By Jamie Cumby |
In 1578 a collection of Cicero’s letters was printed in Paris. As a new academic year begins, Preserving the World’s Rarest Books is highlighting a copy of this early modern educational book at Merton College Library in Oxford, one of our library partners (75.E.8(4)). Gabriel Buon, printer of the edition, gave the collection the title Epistolae, ob perspicuitatem sententiarum, & rerum varietatem, in usum puerorum selectee atque in tres libros distinctae (USTC 170439). Buon’s edition brings together a selection of letters to be read as examples of clear argumentation and Latin prose, aimed at schoolchildren.
Cicero became an important part of the curriculum thanks to humanist pedagogues, who used his writing, along with that of other classical authors, like Virgil and Terrence, to replace cumbersome Latin grammatical textbooks. More advanced students would also read Cicero’s moral and philosophical works, but a basic education might stop at excerpts from the letters, like the ones compiled in this book. The collection of letters was first assembled by Johannes Sturm, the Paris-educated Strasburg humanist who revolutionized Strasburg’s educational system. Sturm organized the letters by their degree of difficulty, graduating from brief notes to much longer and more complicated pieces. Buon’s 1578 edition is similar to other editions of Sturm’s collection, which had been printed in a number of European cities, especially in the Holy Roman Empire (i.e. USTC 674017).
Gabriel Buon first began actively printing in Paris in 1558, after he purchased the tools and device of another Paris printer, Catherine de La Porte, widow of Maurice de La Porte. Aside from the works of Pierre de Ronsard, of whose poems and theological writings Buon published more than 100 editions, the output of his workshop came mainly from two genres: anti-protestant polemic and educational works. Both types of books were very saleable. Polemical pamphlets were popular and topical in a Paris fraught with religious conflict, and educational books enjoyed the steady market and frequent use provided by their captive demographic of students and schoolchildren. Like the polemical pamphlets he printed, Buon’s educational editions were often short, small format books. Buon was printing books that not only had a strong and active consumer base but were also relatively inexpensive to produce. His edition of the Sturm Cicero letters is a relatively brief quarto of only 35 leaves or nine printed sheets.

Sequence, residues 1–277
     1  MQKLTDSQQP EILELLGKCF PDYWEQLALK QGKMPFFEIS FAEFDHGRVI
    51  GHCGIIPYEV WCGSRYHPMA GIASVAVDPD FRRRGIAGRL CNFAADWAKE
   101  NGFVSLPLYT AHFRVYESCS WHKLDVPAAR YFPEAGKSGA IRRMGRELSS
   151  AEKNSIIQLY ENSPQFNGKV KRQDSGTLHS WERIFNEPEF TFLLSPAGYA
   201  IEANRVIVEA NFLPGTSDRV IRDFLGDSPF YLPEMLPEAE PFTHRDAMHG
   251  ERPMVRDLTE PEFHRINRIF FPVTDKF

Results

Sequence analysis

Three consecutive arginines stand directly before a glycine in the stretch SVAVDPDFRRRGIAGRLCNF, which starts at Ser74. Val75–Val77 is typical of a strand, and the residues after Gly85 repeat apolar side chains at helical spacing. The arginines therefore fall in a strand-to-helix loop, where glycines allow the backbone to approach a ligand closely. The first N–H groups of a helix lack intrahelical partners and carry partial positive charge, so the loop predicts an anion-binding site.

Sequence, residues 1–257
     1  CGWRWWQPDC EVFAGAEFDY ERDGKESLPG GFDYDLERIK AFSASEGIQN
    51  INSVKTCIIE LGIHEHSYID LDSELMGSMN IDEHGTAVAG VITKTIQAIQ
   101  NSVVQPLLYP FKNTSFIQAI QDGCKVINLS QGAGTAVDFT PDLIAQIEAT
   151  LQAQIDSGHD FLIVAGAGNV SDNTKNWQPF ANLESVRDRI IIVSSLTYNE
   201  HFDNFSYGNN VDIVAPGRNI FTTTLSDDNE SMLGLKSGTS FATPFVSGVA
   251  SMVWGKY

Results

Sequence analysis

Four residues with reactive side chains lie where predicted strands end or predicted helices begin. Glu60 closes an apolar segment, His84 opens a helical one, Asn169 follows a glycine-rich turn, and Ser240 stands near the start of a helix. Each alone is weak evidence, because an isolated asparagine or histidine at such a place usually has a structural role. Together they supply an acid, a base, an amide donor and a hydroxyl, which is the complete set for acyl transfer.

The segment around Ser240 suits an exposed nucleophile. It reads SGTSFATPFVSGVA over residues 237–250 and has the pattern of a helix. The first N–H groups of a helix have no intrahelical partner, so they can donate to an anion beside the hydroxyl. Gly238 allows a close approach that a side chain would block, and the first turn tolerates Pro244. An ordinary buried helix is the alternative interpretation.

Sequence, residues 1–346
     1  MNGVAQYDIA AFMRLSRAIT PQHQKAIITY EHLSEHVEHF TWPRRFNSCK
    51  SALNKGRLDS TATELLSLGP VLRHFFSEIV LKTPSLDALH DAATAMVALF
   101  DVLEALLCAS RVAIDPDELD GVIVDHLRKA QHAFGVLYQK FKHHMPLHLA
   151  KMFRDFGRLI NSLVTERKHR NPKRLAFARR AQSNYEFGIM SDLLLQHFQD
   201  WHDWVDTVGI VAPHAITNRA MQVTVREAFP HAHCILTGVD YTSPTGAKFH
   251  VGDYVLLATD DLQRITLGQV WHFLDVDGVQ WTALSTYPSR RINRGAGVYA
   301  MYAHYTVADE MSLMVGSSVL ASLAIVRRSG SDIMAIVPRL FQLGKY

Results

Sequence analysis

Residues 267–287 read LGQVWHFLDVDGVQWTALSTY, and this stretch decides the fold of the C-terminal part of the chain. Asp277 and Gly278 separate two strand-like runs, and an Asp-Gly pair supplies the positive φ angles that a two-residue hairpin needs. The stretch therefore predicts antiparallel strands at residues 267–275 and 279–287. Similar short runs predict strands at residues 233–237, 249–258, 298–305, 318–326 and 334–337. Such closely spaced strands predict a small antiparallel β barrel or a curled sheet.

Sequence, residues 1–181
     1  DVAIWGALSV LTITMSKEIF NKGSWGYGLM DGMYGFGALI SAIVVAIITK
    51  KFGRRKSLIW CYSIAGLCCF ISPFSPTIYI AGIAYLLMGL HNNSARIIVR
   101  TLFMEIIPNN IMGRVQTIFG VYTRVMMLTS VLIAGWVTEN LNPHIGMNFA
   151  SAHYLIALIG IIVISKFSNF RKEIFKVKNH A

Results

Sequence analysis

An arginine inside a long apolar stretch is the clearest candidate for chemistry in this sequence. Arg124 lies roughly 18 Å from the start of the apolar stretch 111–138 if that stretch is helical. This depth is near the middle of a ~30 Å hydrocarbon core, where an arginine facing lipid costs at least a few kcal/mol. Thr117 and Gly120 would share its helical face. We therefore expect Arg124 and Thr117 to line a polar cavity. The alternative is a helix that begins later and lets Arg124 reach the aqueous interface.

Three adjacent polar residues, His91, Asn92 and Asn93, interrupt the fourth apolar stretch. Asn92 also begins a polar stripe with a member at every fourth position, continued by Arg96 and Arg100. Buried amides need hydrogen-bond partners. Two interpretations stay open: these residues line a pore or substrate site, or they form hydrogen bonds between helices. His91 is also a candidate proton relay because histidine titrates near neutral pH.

This copy came to Merton College bound together with eleven other works on various theological, political, and educational topics, mostly in Latin and English. The Cicero letters are the earliest of the printed works, with the latest being a pamphlet titled “The case of ministers maintenance by tithes” printed in London in 1653 (75.E.8(8)).
The collection had been put together by Griffin Higgs, who left his library to the college upon his death in 1659. Higgs was a theologian and Dean of Lichfield and maintained an extensive book collection, which he acquired at numerous auctions and bookshops in the Netherlands and in England. In addition to bequeathing his books, he also endowed the position of Librarian at the college, with a £10 annual stipend. The funds came with a number of instructions, including a code of conduct that mandated, among other duties, that the librarian make new, alphabetical and subject catalogues of the entire library, and also that he prepare a print catalogue of the library’s manuscript collection.
Higgs made frequent use of the works bound together in this volume, including the Cicero letters. As is visible in the image below, he flagged several passages with underlining and his distinctive trefoil manuscript notes.
This rare surviving copy of an early modern educational edition can tell us something interesting about books intended for the humanist classroom. While most of this edition likely fell apart after rough handling by successive young pupils, Higgs’ copy has been carefully preserved. Johannes Sturm’s goal in teaching Cicero to children and adolescents was to make their spoken and written Latin more elegant. It seems that Sturm’s collection had long-term value to Higgs, even into the mid-seventeenth-century when he was at the height of his career. It may well be that Higgs bought it when he was a student and kept referring back to it later in life, as the edition has not yet been linked to any of the annotated booksellers’ catalogues that contain information on Higgs’ later book purchases. Apparently, humanist compendia for teaching rhetoric to schoolchildren were useful reference works even for highly educated men of letters.
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Jamie Cumby is a PhD student at the University of St Andrews. She is currently a Senior Editor on Preserving the World’s Rarest Books, and has been affiliated with the USTC project since beginning her PhD in 2014. Her ongoing work explores the development of the publishing industry in Lyon before the Wars of Religion, with special attention to the Compagnie des libraires. She is also St Andrews’ contributor to the Material Evidence in Incunabula database. You can follow her on Twitter at @JECumby.
Images courtesy of Merton College Library, Oxford.